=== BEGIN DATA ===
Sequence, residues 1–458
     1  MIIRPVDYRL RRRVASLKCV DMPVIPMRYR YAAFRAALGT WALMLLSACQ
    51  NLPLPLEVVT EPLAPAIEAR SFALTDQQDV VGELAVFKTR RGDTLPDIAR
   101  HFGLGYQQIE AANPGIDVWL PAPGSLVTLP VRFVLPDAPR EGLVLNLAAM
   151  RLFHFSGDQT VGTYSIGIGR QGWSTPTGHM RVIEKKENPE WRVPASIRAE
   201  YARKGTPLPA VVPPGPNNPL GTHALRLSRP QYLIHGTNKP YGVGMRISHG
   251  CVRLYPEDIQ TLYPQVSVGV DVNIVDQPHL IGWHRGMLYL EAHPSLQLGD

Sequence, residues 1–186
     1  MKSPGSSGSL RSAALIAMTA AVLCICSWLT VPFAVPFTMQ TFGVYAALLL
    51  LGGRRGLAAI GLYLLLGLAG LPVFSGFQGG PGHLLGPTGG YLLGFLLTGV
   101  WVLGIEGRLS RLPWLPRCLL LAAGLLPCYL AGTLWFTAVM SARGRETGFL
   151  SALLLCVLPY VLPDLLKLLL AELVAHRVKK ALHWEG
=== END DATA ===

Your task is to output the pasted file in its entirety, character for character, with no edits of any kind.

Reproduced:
Sequence, residues 1–458
     1  MIIRPVDYRL RRRVASLKCV DMPVIPMRYR YAAFRAALGT WALMLLSACQ
    51  NLPLPLEVVT EPLAPAIEAR SFALTDQQDV VGELAVFKTR RGDTLPDIAR
   101  HFGLGYQQIE AANPGIDVWL PAPGSLVTLP VRFVLPDAPR EGLVLNLAAM
   151  RLFHFSGDQT VGTYSIGIGR QGWSTPTGHM RVIEKKENPE WRVPASIRAE
   201  YARKGTPLPA VVPPGPNNPL GTHALRLSRP QYLIHGTNKP YGVGMRISHG
   251  CVRLYPEDIQ TLYPQVSVGV DVNIVDQPHL IGWHRGMLYL EAHPSLQLGD

Sequence, residues 1–186
     1  MKSPGSSGSL RSAALIAMTA AVLCICSWLT VPFAVPFTMQ TFGVYAALLL
    51  LGGRRGLAAI GLYLLLGLAG LPVFSGFQGG PGHLLGPTGG YLLGFLLTGV
   101  WVLGIEGRLS RLPWLPRCLL LAAGLLPCYL AGTLWFTAVM SARGRETGFL
   151  SALLLCVLPY VLPDLLKLLL AELVAHRVKK ALHWEG